AB: You made more work than you’ve shown here, you said you had enough for a whole other show. What was your decision making in arriving at this final selection of prints, considering there were many more combinations that there could have been?
CP: I had a very different idea when I came, because I hadn’t been to the space before. I thought I would show all of the prints that I had made to demonstrate a development of sequence, the same things repeated over and over and over again. You do see that a bit here, but not to the extent if I had shown them all. When I came to space, I felt that actually looking at them up on the wall, they needed a bit more space than that. They worked better individually. Sometimes I think that depends on my mood. I thought the marks on the walls would be absolutely everywhere, but I didn’t really want them to become decorative elements that the prints sat on top of. I wanted there to be more tension.
AB: Finally, I wondered how much the title Slippery Under Pressure came out of your recent ceramic course. I wondered whether it was inspired by playing with the material, pushing things around and the funny way that clay can work, which you can also see in the hand-smeared blobs on some prints.
CP: Yes, it comes out of that experience. I like the fact that it probably reads as a state of mind, or as a person being under pressure. And I like that with titling the show, that you present something for a visitor to wrap their head around in lots of different ways.
AB: It’s also colloquial as well. There’s a humour to it, really.
CP: Yes there’s a humour to it. A lot of my recent titles have lacked humour. Actually they’ve all been quite didactic,and have been taken from other sources. The Only Rule Is Work, that’s not that funny, although I meant it as something polemic, as a question? Or Pull Everything Out, they’re all quite sincere, and this one really came from thinking about being out of control with a material.
AB: Ceramics are quite interesting to think about in relation to your printmaking. Why did you decide to experiment with this material, and learn it as a skill?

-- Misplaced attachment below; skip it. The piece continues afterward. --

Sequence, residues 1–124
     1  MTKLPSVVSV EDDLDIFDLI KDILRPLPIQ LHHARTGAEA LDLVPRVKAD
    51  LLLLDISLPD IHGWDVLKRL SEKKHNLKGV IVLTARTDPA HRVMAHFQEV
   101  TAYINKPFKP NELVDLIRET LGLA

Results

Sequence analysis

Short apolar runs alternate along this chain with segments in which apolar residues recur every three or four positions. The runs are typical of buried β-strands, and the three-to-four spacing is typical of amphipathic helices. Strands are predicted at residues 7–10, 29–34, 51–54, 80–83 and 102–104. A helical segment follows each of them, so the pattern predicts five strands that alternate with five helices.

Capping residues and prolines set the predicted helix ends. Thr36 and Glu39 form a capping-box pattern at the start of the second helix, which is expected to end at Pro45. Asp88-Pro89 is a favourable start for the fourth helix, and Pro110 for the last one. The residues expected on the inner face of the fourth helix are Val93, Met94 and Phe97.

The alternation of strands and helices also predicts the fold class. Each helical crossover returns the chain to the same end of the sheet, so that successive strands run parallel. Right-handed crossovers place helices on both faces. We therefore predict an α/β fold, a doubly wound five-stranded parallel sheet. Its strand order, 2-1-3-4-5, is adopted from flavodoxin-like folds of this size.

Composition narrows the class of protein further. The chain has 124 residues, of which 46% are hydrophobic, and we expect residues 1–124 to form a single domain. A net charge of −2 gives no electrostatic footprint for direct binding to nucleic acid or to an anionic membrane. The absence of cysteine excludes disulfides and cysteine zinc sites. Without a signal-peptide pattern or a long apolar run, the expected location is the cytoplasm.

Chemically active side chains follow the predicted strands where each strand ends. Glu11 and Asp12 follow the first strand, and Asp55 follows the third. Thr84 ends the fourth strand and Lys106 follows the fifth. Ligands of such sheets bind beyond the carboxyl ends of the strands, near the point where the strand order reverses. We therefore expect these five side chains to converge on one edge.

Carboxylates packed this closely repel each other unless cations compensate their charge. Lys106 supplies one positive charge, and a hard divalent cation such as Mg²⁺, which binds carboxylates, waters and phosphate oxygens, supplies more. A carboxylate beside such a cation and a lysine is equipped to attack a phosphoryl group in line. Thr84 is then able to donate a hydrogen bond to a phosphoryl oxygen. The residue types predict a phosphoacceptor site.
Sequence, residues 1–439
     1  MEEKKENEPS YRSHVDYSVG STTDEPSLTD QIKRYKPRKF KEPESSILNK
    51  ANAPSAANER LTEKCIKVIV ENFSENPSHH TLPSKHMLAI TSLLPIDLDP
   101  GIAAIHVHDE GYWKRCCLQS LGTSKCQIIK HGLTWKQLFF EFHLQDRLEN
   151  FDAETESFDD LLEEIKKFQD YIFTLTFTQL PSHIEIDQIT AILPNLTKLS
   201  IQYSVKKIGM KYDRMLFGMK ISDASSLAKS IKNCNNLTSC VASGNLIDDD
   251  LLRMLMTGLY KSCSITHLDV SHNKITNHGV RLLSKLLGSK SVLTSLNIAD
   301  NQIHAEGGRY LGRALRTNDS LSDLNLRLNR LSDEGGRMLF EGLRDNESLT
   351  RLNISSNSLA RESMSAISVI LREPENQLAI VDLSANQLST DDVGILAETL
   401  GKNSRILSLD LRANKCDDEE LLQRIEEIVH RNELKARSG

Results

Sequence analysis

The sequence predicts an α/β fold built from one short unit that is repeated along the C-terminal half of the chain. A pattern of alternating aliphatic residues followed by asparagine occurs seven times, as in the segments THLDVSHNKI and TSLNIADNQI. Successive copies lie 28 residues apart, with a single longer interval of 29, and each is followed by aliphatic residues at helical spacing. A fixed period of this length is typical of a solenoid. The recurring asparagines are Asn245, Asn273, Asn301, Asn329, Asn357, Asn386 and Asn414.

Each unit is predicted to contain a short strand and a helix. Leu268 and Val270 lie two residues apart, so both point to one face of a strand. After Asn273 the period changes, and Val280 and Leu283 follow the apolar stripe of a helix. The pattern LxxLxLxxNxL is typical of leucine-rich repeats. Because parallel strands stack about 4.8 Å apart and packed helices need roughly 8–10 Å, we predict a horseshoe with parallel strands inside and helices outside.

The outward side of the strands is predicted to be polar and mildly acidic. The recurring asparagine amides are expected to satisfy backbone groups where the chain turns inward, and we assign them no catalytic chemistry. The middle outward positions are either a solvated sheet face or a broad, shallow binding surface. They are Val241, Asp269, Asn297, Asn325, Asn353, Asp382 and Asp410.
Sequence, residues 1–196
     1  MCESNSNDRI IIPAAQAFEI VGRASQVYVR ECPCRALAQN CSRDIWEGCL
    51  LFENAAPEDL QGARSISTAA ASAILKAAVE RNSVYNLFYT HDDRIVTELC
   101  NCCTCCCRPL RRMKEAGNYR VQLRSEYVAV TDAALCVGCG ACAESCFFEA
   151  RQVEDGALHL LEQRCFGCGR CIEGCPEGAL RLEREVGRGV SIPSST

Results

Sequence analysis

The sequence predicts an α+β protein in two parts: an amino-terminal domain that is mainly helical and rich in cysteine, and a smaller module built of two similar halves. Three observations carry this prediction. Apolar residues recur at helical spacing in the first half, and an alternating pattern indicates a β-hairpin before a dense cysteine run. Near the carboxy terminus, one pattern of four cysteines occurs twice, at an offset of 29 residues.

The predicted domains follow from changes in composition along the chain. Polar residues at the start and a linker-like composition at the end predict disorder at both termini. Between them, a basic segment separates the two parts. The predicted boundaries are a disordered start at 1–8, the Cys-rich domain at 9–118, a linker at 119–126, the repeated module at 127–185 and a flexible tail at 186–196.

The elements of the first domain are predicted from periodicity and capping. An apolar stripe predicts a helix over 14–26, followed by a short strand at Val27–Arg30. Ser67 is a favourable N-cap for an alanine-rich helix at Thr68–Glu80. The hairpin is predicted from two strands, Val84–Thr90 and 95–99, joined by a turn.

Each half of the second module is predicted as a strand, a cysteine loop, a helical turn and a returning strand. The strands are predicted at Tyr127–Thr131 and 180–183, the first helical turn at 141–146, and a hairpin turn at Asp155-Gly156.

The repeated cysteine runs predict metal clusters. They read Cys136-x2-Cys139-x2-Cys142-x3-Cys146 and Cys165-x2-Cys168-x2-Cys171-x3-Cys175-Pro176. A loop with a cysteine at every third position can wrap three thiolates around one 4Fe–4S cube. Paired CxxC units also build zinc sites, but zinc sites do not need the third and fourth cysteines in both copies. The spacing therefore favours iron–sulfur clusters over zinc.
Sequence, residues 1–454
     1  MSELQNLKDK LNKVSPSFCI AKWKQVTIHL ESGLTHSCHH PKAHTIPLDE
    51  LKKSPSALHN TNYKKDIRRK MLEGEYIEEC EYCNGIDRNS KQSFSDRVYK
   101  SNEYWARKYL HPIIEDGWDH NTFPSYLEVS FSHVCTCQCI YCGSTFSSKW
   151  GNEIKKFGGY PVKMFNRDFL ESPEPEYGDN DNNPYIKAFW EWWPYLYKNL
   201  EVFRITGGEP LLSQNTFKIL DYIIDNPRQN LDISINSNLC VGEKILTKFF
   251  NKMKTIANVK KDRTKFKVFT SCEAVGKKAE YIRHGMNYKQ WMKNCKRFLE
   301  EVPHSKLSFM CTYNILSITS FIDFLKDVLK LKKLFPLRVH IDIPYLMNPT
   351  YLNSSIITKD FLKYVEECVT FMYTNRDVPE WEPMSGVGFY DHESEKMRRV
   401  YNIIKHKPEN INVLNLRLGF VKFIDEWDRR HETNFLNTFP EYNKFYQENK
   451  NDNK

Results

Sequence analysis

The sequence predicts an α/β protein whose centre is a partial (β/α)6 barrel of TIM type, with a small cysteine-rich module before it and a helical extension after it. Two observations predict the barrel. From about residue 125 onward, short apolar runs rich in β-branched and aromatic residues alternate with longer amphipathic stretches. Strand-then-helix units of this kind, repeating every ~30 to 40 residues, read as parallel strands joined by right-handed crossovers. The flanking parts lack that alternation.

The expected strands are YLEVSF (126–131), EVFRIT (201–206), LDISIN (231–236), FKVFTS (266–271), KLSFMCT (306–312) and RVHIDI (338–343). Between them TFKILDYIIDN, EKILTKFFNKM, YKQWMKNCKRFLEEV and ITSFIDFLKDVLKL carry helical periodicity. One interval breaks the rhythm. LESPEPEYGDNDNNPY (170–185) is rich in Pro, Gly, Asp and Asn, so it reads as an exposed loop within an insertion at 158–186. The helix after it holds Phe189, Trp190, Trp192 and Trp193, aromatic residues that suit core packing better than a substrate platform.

CP: I just always wanted to do it, and never have.
AB: Since you’ve been here you’ve been talking about different glazings and the design of ceramics, has that always been an interest?
CP: I think that’s always been there, I’ve always loved ceramic sections of museums, and my iphoto is full of photos of ceramics from all over the place. I love messy ceramic work, brutal ceramic work with expressive application of paint. Not perfect, Perfect things are beautiful as well, but I like the ones that have slipped off centre.
AB: But your prints, though they kind of have a messiness, they’re really technically precise. It’s as much about getting it technically right as a process. There’s no slapdash approach.
CP: Not really, no. I always struggle with that, the level of control that I apply to my work, I try to not do it.
AB: Try to not try so hard?
CP: Just try to be OK with things that aren’t perfect. The way that I’ve approached this body of work is much different from others work. I’ve applied the same way of working where I start with a whole bunch of prints, but then I usually choose one and edition it.
AB: Whereas the edition here is completely separate.
CP: Yes, I took every single one of these as an individual work that I kept working on. At the end of the day they are still technically tight, even if they look expressive.